Then something happened that would change her life as she learns of her heritage and realized that her roots lie with the first family. Imagine finding out that the First Lady of Liberia is your cousin and that you have an Aunt Sarah that would be there to take care of you. Imagine getting full scholarship to help pay for her education, clothes and much more. One young girl that washed floors, cleaned bathrooms, scrubbed, did dishes, was never allowed to eat with anything but a spoon and treated as anything but what she was and is a bright, kind, intelligent and giving person. Riding in a limo to meet the first lady, learning about her past and finding out that she would have a future renewed her faith in herself and God. Seeing her father after so many years of separation was heartfelt and yet sad. Realizing her that her life was like and learning that his daughter was a servant and looked beaten sadden her father although nothing changed. Then a major rebellion brewed against Samuel K. Doe and those that were of her tribe would have to run for their lives. Living in Monrovia she felt save. Going to college and hoping to complete her education she did not think she was in danger. Then on Christmas Eve everything changed as rebel forces entered Monrovia. Krahn: thought to be her salvation as part of this tribe but the National Patriot Front of Liberia headed by Charles G. Taylor was out to rid the world of her tribe and many more. Wrongly accused of stealing Mrs. Smith’s perfume she no longer had a home and was forced to leave. But, truth is told Mrs. Smith just wanted to be rid of her so she would not have to deal with the war and the rebels. Finding her uncle she would now be on the run with him and his family has Mrs. Smith’s heart was cold and would not melt or budge. But, the story just begins here and the rest you won’t believe.
For years she would be on the run and what Louise, her family and others encountered was more than horrific. Defiled, degraded, tortured, beaten, raped, losing a child, betrayed by a friend, questioned as a rebel by the police and running for her life with no light in sight, Louise expresses her fears, joys and triumphs. Where someone else would have given up, given in to the fears, she stood up for herself, survived and defeated what others would have wanted for her, her family and friends: Death. What these refugees were through and some still are no one should have to endure. The hate and the cruelty goes beyond the definition of these two words and what she describes can only be understood by reading what happened to her and understanding why it should never continue. Losing her family, finding others and praying to God for her survival and others Louise opens her heart to the world without pause for thought. Finally going to college and hoping to take Library Science the road to freedom is still not hers and there is much more that she will endure because she does not have to run anymore.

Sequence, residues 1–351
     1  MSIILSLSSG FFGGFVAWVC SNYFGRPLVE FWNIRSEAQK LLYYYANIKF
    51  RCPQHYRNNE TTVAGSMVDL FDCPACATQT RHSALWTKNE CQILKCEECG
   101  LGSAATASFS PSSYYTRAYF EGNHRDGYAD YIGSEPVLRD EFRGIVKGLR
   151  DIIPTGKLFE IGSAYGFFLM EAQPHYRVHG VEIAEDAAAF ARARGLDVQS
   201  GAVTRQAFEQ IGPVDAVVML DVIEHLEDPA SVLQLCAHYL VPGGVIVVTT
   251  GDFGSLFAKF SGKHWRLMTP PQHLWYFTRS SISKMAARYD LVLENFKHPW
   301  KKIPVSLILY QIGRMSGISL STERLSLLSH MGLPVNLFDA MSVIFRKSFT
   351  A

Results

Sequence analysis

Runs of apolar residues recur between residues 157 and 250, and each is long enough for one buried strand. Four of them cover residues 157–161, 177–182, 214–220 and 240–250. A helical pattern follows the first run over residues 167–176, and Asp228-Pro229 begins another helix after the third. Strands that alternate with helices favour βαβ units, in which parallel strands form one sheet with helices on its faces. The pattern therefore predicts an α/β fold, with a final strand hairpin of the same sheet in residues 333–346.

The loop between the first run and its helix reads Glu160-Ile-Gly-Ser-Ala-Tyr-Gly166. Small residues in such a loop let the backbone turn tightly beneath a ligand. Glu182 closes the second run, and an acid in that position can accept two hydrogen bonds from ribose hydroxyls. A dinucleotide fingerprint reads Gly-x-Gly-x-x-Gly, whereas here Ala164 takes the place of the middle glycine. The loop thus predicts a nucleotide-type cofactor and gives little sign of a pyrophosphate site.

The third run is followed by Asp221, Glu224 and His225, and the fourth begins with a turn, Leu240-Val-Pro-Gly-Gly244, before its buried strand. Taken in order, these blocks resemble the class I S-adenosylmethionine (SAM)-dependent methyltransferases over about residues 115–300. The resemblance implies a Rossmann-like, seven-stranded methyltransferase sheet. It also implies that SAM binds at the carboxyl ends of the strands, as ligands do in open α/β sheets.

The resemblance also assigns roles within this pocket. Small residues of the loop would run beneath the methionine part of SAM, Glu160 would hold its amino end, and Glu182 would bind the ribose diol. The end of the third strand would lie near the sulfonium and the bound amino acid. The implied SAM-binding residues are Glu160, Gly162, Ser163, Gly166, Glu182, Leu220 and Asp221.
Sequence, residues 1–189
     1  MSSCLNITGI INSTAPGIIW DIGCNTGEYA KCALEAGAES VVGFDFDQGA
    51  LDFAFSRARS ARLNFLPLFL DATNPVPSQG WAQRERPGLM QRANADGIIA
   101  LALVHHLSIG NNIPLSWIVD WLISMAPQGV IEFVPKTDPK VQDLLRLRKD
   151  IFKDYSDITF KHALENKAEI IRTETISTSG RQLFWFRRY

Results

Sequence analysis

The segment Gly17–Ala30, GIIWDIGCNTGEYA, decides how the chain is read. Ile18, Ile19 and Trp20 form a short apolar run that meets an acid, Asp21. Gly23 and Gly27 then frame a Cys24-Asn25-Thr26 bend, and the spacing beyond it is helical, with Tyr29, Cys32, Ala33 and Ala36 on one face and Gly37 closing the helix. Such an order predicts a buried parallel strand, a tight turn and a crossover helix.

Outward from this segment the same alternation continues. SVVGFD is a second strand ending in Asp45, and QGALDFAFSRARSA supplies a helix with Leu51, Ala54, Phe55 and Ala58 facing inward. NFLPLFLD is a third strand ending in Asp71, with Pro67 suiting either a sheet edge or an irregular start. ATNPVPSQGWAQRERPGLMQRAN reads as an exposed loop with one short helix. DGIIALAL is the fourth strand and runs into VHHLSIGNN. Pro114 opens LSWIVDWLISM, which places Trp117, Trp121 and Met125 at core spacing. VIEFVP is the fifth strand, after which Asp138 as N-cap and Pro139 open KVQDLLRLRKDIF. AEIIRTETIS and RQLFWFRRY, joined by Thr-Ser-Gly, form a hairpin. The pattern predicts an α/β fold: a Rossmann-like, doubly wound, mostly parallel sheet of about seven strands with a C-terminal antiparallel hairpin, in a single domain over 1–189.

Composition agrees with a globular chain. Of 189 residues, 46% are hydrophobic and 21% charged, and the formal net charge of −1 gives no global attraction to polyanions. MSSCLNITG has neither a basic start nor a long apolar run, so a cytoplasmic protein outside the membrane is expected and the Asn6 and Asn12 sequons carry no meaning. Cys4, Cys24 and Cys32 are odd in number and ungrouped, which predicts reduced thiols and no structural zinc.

Everything in her life came hard and the road and paths were blocked with many obstacles, people who stood in the way of her friends, family and loved ones. Losing so many along would have disheartened most and deflated their will to continue. Then, she heard God’s voice saw the visions and knew what her destiny was and what she needed to do. Walking into a meeting of the Liberian Refugees one evening, speaking about her experiences and explaining what needed to be done a young man named Abel and his friend Jeddee would change the course of events. Finding family, old friends and seeing the one person in her life she thought she lost would give her the spirit to make her final journey not just for her but for so many others too. From the streets of Liberia to the prison cells, jungles, forests, camps and the streets where she had to fend for help, the corrupt guards and the atrocities that she and so many faced, Louise Geesedeh Barton is more than just an inspiration. She became the voice, heart and soul of so many. For that I am sure there are those who will never forget her spirit, what she did for them and pursuing her own goals. Louise: Africa was your motherland but America is your home. So Far To Run: You have come all the way. Just how she survives and what else she had to endure in order to be free you need to read this outstanding, heartfelt, sad, heartbreaking true story of one woman’s courage to survive.
Thank you for sharing your story with me and for the honor or reviewing your memoir.
This book gets FIVE PERFECT VISIONS OF HAPPINESS
Fran Lewis: reviewer
I read this book in one day. Once you start reading you won’t be able to put it down until you read her entire story. Take the journey along with Louise, Abel, Moses, Cecelia, Josephine and all of the Liberian Refugees and the Krahn tribe and read her first hand account and hope that someday the rebels will no longer exist and the people of Liberia will no longer live in fear.